What message are we spreading?

Do you ever get the feeling that the more you talk about something, harp on it, and ask it to stop, that it seems like that something tends to become more of an issue? We know that being proactive in what we do, to be intentional, and to seek out solutions to our problems in schools is what leads to success.

But do anti-bullying programs seem to be more of a reactive measure? Yes, there is no arguing that bullying is a serious issue that affects growing numbers of students on a daily basis. My school is a small one compared to the others in our district, and because of that it seems like we view bullying as almost a non-issue. This has all changed this year with a group of heartbreaking stories that are opening many peoples’ eyes.

Our district adopted the Olweus Bullying Prevention Program last school year, and we have been using class meetings and discussions on a weekly basis. We discuss various situations and emotions in order to help students to feel comfortable, build trust, and feel confident in standing up to bullying or helping a victim out.

What scares me is that bullying is always on the minds of our students. I hear the word “bullying” all of the time, and even though a goal of the Olweus program is to clarify what bullying truly is, it is still a word that is thrown around much more than ever before. It could often be compared to the boy who cried, “Bully!”

After reading this article from the Huffington Post, my skepticism and concern about bullying programs grew. Are we teaching students the ins and outs of bullying? Do we give kids the tools to know what to say to get out of trouble and shift blame for their behavior? Do we help them to know how to sound depressed in order to have an excuse for what they do or gain attention that is so desperately needed?

We recently watched Bully with our 7th and 8th graders in a large group. Throughout the rest of the day we had individual class discussions that lasted over an hour. The discussions were incredibly enlightening to many of the issues that are going on in our school, the depths of which were unknown to many of our teachers. It truly was a moment that I will never forget as I heard students open up about their feelings and struggles at a place where they are supposed to feel safe.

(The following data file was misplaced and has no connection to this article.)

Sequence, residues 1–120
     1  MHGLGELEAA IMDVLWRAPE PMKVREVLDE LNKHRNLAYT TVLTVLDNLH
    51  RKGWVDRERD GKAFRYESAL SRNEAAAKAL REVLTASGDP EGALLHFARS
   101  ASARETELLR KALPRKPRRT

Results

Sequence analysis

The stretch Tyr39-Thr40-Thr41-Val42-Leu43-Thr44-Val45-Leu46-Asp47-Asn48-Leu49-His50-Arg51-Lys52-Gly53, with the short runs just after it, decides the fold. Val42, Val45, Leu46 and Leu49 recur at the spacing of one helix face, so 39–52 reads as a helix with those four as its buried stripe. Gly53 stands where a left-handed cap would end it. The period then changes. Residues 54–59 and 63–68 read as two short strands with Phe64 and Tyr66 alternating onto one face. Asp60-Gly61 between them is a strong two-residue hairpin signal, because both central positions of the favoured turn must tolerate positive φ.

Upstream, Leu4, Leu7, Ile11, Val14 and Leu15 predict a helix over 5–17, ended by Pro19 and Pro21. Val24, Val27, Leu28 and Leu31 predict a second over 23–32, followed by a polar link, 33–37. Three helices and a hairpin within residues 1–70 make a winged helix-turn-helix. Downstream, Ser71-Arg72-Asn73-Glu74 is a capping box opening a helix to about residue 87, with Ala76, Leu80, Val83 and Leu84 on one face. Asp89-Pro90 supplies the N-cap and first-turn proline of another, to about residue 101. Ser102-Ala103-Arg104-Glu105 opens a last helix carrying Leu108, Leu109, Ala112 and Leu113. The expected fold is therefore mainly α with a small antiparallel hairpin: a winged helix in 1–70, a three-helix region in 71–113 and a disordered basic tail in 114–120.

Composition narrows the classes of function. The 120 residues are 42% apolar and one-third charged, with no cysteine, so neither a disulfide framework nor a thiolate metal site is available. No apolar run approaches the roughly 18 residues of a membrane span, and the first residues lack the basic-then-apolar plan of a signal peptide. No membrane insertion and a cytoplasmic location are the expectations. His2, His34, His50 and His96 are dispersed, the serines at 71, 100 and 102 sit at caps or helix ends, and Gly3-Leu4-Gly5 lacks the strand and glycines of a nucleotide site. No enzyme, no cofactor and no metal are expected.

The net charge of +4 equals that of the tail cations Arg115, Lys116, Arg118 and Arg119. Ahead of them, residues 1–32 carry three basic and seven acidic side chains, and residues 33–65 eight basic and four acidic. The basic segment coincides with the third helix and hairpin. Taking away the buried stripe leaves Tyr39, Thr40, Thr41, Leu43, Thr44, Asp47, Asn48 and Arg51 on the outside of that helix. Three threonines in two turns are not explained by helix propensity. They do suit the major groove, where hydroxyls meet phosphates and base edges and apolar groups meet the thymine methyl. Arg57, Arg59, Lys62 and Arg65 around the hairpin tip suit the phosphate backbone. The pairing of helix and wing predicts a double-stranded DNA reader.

I couldn’t help but think as we left the meetings that yes, these students just got a lot off of their collective chest, but what does that mean for the rest of the day? Next week? Will there be repercussions for their words? Will reliving those negative experiences make their sadness build up?

What if we took a proactive measure in bullying prevention? Instead of dwelling on the negative things and reacting to them, we build on the positives and increase everyone’s awareness of the good in our lives. We tell our students that they need to stand up, help others, and be a good person, but if we aren’t giving them confidence to do that, will it ever happen? Just by telling a child in a classroom that the right thing is to stand up for those who cannot stand up for themselves does not make it easy for that child to do so on the playground or when everyone else is watching and judging them.

If we were to help students to relive happy experiences and positive relationship moments, we could help to create an atmosphere of hope instead of the gloom of what I heard in one of our meetings: “Bullying is always there, and it will never go away.” But what if we helped teach our students to be positive, helpful, and selfless and did this through their entire time in our schools?

In my previous post I shared some of the things that I am doing at the start of class to encourage students to be positive and relive experiences that bring a smile to their faces. This is a contrast to journaling and thinking about things that ask students to consider the negative things that are going on. If we dwell on those parts of life, we are going to be much less likely to smile, help each other, or hope that things are going to get better.

But if we encourage our students to participate in service learning where we are helping others, pass on a positive message to friends, or thank someone who had a positive impact on them, we are much more likely to see a change. Those activities are ones that change lives because of how they make us feel and how they intrinsically motivate us.

Happiness can be contagious. Unfortunately, so can unhappiness.


Real-world bullying

Take a look at this fantastic and inspiring example for students to stand up to bullying from Jennifer Livingston of WKBT News in La Crosse, Wisconsin:


Bullying has been a focus in our school district and in the state of North Dakota.  We continue to develop and implement new programs into our schools.  It continues to put positivity and belonging into the forefront of our minds as educators.

What really hit home for me in the video above was that this behavior is learned.  It is not something that children are born with.  We do not come into this world with the sense that skinny is attractive, tall is manly, and being different is worthy of hatred or criticism.  These things come from examples.

Children at home hear how parents and adults talk about people on TV, at work, or in the drive-thru line at McDonald’s.  These may be unintentional messages to children, but does that make it OK?  It is time to start being intentional with our actions and words.  How will your example live on in the next generation?

As a teacher who has been given more direction and education in the area of bullying, I feel that it is something that deserves our focus.  It is our job as teachers to be examples and take responsibility for what is learned.

As people, it is time to become the examples that are becoming less common.  When a young person sees you, what will he or she take from your example of how to treat people?